Jan 23, 2015 by


Chinese Puzzle

Goldtex Building – high end housing comes to old Chinese neighborhood 

Courtesy Joseph G. Brin 2014

You don’t have to wrack your brains when a completed puzzle box image is your guide. No one has any idea what the newly assembled urban puzzle of Philadelphia’s Chinatown will look like, yet three big pieces, seemingly mismatched in size, shape, and purpose, have emerged.

Walking the city from one puzzle piece to the next, you begin to grasp the challenge. Connections between these geographically separate pieces are genuine and promising, yet more conceptual than physical. Their power to catalyze and unify must be born out in time.

In October, DesignPhiladelphia 2014 revealed in a public forum that, starting this year, a puzzle comprised of a community center with housing (The Tower), a derelict alleyway (The Alley/Pearl St.), and an old railway viaduct (The Rail Park) will begin to dramatically transform and, in ways preserve, an ethnic neighborhood dating back to 1870.

3 public realm projects to launch in 2015

Courtesy Friends of the Rail Park

The Tower: Eastern Tower Community Center beckons across a concrete gulf

Vine St. Expressway dividing Chinatown into North and South

Courtesy Joseph G. Brin 2014

You can’t miss Chinatown South’s massive, ornamented Friendship Gate commanding the entry to 10th  St. It’s an exuberant burst of color in the relatively monochrome Center City. Glistening, amber-colored barbecued ducks are arrayed in the neon glow of shop windows. Pungent smells of fish and fowl waft the air as you weave the thronging crowds.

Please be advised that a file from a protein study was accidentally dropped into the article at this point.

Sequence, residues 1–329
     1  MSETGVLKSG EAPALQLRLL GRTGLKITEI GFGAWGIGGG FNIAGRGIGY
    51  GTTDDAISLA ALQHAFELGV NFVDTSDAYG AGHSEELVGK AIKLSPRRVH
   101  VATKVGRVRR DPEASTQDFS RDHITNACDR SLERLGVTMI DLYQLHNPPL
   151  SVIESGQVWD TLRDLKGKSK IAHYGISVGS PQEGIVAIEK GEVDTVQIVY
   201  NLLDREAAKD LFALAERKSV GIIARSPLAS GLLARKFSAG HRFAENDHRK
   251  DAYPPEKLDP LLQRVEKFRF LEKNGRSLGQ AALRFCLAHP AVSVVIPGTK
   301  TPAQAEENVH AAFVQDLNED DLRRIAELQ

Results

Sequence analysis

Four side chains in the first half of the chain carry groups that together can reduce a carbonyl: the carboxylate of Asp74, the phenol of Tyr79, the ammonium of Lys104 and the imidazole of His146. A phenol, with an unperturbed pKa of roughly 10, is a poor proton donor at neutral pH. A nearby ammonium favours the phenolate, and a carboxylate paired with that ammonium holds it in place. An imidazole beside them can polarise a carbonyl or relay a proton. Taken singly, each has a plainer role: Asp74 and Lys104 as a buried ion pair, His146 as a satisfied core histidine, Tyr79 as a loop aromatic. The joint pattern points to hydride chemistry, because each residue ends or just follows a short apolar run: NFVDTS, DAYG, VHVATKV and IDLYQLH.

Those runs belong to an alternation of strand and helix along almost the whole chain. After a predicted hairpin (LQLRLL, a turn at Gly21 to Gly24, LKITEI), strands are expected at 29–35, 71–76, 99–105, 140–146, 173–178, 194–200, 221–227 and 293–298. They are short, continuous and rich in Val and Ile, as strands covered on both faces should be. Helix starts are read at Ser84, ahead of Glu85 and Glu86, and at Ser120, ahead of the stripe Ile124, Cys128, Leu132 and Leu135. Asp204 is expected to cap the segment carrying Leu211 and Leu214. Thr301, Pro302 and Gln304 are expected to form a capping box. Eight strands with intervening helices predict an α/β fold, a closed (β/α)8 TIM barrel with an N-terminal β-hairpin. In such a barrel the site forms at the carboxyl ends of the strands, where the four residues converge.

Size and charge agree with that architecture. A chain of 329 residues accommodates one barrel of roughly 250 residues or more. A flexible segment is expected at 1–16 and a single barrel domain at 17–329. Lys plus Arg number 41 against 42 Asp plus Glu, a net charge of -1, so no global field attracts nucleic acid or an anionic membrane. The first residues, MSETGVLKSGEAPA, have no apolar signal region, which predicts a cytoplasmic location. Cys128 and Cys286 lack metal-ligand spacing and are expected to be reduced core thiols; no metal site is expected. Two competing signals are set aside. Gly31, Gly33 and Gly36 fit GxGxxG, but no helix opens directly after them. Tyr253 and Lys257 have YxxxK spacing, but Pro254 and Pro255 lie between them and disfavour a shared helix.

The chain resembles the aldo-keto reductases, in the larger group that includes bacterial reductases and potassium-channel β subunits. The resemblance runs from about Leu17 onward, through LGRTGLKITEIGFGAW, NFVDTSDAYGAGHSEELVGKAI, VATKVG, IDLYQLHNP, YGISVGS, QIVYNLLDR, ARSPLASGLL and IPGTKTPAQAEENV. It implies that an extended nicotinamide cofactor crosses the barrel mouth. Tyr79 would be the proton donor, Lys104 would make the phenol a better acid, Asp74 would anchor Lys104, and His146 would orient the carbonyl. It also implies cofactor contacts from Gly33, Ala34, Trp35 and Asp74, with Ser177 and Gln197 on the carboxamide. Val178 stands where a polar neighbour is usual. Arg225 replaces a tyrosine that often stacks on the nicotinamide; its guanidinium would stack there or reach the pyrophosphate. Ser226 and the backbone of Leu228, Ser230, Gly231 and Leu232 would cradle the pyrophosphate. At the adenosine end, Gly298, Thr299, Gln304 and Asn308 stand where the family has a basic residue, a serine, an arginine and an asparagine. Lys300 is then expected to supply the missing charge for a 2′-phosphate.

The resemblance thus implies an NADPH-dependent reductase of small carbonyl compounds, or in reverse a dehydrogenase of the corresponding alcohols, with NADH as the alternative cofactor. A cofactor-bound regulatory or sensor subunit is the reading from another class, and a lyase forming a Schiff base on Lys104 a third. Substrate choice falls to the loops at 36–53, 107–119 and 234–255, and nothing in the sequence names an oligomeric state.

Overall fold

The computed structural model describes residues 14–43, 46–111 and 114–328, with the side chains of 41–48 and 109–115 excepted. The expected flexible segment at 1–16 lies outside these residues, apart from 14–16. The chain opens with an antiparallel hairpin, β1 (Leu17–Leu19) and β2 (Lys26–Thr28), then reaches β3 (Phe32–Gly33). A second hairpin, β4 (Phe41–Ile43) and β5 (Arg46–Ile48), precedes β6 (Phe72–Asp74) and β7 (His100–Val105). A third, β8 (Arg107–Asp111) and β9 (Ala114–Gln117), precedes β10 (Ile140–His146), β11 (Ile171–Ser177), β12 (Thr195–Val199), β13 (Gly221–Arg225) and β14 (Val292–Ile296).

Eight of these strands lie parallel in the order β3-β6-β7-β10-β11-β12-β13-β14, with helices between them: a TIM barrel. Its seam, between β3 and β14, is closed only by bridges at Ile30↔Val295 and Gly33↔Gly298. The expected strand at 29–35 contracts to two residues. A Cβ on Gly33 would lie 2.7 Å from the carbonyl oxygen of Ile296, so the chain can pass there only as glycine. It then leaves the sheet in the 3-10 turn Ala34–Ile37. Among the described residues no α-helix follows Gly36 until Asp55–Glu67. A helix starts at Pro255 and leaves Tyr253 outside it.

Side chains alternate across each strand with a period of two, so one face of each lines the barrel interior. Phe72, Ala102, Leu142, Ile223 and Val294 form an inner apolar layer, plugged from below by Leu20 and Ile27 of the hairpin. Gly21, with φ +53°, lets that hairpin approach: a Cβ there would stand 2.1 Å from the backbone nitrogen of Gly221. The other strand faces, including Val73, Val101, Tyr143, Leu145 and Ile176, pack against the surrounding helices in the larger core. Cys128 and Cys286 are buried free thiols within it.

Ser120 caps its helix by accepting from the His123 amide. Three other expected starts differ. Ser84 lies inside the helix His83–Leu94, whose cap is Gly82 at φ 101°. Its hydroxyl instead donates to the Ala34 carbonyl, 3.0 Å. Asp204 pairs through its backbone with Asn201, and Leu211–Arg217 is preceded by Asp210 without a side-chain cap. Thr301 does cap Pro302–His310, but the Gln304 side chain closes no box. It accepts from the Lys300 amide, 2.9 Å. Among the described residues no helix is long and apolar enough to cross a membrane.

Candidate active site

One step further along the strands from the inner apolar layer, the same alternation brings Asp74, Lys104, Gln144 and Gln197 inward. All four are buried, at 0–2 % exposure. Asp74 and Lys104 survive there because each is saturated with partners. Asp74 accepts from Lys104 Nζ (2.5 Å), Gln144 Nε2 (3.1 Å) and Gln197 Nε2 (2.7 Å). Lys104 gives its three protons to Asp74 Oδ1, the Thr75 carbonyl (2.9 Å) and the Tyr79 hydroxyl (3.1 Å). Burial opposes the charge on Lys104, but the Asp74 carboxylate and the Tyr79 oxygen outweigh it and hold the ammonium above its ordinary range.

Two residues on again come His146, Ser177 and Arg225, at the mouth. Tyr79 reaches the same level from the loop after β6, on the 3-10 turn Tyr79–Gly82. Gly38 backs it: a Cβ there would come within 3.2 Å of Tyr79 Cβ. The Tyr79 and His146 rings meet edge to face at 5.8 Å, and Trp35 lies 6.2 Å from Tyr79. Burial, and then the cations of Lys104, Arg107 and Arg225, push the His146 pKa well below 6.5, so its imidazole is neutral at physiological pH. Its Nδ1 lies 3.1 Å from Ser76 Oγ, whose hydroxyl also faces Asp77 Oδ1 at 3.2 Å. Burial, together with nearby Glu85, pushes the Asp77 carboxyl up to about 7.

The Gate leads you north to the sunken Vine St. Expressway that forcibly bisects Chinatown into north and south segments. Those territorial fragments were once bridged by the now truncated Reading train viaduct. Chinatown North is a cultural desert, a mix of non-ethnic, nondescript commercial and industrial buildings. Change is afoot, though. Older buildings are being converted from blight into housing for the privileged.

The affordable, mixed-use housing Eastern Tower Community Center is also scheduled to break ground in 2015. The Tower’s design is steeped in Chinese sensibilities and feng shui principles, its facade reminiscent of a Chinese wood puzzle. Programatically, it includes community and recreation spaces, primary and outpatient healthcare (in association with nearby Hahnemann Hospital), retail outlets, parking, and mixed, affordable and market-rate housing.

Eastern Tower Community Center

                                                               Courtesy PCDC

The 23-story Tower will be situated next to an overpass on the northern banks of “the river” of the expressway. Below, commuters barrel through while eighteen wheelers roar and rumble around the clock. The Tower’s striking presence, poised between Chinatown North and South, signals a bold attempt to redress the permanent divide of the Vine St. Expressway.

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